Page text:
Open Source Brewing

Open Source Homebrewing – Redskin beer recipe

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When I get an idea to make a homebrew I check the web to see if anyone has made anything similar and posted a recipe. And I get frustrated when I find someone talking about a beer but not really posting any recipe.

Lately, I realised that’s what I do – write about a homebrew I’m making but not include a recipe for it. Which is a tad hypocritical of me.

So I decided to address that oversight with an occasional segment called Open Source Homebrewing. That’s where I’ll post a recipe I’ve written about or made, just in case it helps someone else.

The beer I decided to feature first was one that I spent ages trying to find a recipe for – the Redskin beer. It wasn’t until I bumped into a guy at a homebrew club meeting who had made one that I got the guidance I was looking for.

So here it is, my recipe for Native American – a wheat beer made with loads of Redskins (Incidentally, for overseas readers, this is what Redskins are.)

Ingredients
Two cans of Morgans Wheat liquid malt extract
250g Carapils
100 Redskins (about five 220g packs)
35g Cascade
Yeast: two packs of Mangrove Jack’s M20 Bavarian

Steps
1) Mash Carapils in 1 litre of water for 40 minutes at 70 degrees Celsius
2) Top up to seven litres and start a 45-minute boil, throwing in the Cascade at the start.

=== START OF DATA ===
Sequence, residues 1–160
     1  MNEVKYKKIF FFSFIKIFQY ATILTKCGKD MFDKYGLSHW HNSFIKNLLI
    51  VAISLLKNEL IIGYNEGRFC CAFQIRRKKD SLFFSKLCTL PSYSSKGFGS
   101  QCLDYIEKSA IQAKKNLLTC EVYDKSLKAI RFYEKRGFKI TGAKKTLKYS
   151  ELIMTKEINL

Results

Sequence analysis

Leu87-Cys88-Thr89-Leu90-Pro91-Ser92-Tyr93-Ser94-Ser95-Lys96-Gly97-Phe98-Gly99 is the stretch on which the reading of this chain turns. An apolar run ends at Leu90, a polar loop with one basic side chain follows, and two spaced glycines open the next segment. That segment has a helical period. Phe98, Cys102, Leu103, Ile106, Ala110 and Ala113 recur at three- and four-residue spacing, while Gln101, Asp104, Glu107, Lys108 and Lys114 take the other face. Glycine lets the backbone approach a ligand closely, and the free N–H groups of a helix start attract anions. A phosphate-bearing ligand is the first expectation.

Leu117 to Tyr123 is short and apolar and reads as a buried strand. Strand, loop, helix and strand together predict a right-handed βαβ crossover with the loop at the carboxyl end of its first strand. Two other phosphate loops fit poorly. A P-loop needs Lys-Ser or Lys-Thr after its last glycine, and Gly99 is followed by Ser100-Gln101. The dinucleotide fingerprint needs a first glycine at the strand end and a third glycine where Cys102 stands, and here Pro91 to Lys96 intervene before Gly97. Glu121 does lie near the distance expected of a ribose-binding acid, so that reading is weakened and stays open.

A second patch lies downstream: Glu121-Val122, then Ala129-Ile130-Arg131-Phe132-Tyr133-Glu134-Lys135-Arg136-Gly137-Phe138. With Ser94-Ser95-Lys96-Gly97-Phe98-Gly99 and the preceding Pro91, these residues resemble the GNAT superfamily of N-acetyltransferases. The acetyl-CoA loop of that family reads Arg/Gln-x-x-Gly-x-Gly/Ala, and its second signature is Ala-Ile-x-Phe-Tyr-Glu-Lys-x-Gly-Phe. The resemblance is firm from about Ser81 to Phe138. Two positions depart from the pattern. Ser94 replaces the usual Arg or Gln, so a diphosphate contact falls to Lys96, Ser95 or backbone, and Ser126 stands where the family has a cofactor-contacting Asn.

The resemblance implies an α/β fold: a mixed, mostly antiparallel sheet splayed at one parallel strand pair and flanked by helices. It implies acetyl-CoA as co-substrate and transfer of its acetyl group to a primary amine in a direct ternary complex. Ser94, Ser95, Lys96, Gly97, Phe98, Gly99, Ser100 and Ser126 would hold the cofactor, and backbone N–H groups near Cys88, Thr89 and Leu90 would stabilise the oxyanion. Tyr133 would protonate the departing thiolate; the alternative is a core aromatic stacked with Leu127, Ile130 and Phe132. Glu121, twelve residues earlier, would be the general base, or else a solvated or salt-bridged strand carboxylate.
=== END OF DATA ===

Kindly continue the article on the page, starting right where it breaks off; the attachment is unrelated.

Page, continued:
3) The Redskins go into the wort gradually, while stirring, to ensure they melt.

The starting gravity was 1050 and it ended up at 1024. Which I calculated meant I had a beer about 4 per cent ABV.

Observations
• Unwrapping 100 Redskins is a frigging pain in the butt.

• A second sachet of yeast was needed during fermentation as I suspect all that extra sugar from the Redskins overwhelmed the yeast. Perhaps throwing in both sachets at the start would overcome that.

• Don’t throw all 100 Redskins in at once. You don’t want them to clump together and scorch the brew pot.

• Throwing them in gradually while stirring works fine – and the Redskins dissolve way faster than I had expected.

• If you could get it to end lower (higher?) than 1024 that would be good. Drinking the finished product I still found it a little too sweet.

• I spend some time deliberating which style to use as a base for this beer, finally opting for a wheat beer over a pale ale. If you’ve got the time and the cellaring space, I reckon a tripel might work well with the sweetness from the Redskins.

• A Google search for “Redskin beer” returns my blog post about making Native American as the first hit. And another post of mine about Moon Dog’s Redskin beer is second. Seems this blog has cornered the Redskin beer market online

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